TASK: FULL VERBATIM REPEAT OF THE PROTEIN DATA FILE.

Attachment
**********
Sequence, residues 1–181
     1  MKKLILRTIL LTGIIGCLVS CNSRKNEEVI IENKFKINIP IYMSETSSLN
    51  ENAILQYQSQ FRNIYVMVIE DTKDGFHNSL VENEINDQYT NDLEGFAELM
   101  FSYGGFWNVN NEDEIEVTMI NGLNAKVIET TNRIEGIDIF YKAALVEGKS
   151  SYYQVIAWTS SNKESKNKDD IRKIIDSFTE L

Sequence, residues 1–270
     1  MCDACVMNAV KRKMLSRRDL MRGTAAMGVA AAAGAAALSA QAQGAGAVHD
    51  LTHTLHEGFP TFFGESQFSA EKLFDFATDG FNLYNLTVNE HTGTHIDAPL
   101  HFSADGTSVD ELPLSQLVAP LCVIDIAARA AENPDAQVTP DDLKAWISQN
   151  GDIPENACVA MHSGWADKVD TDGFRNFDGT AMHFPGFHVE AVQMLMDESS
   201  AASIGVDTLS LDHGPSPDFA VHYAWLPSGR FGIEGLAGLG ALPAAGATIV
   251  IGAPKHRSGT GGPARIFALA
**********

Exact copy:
Sequence, residues 1–181
     1  MKKLILRTIL LTGIIGCLVS CNSRKNEEVI IENKFKINIP IYMSETSSLN
    51  ENAILQYQSQ FRNIYVMVIE DTKDGFHNSL VENEINDQYT NDLEGFAELM
   101  FSYGGFWNVN NEDEIEVTMI NGLNAKVIET TNRIEGIDIF YKAALVEGKS
   151  SYYQVIAWTS SNKESKNKDD IRKIIDSFTE L

Sequence, residues 1–270
     1  MCDACVMNAV KRKMLSRRDL MRGTAAMGVA AAAGAAALSA QAQGAGAVHD
    51  LTHTLHEGFP TFFGESQFSA EKLFDFATDG FNLYNLTVNE HTGTHIDAPL
   101  HFSADGTSVD ELPLSQLVAP LCVIDIAARA AENPDAQVTP DDLKAWISQN
   151  GDIPENACVA MHSGWADKVD TDGFRNFDGT AMHFPGFHVE AVQMLMDESS
   201  AASIGVDTLS LDHGPSPDFA VHYAWLPSGR FGIEGLAGLG ALPAAGATIV
   251  IGAPKHRSGT GGPARIFALA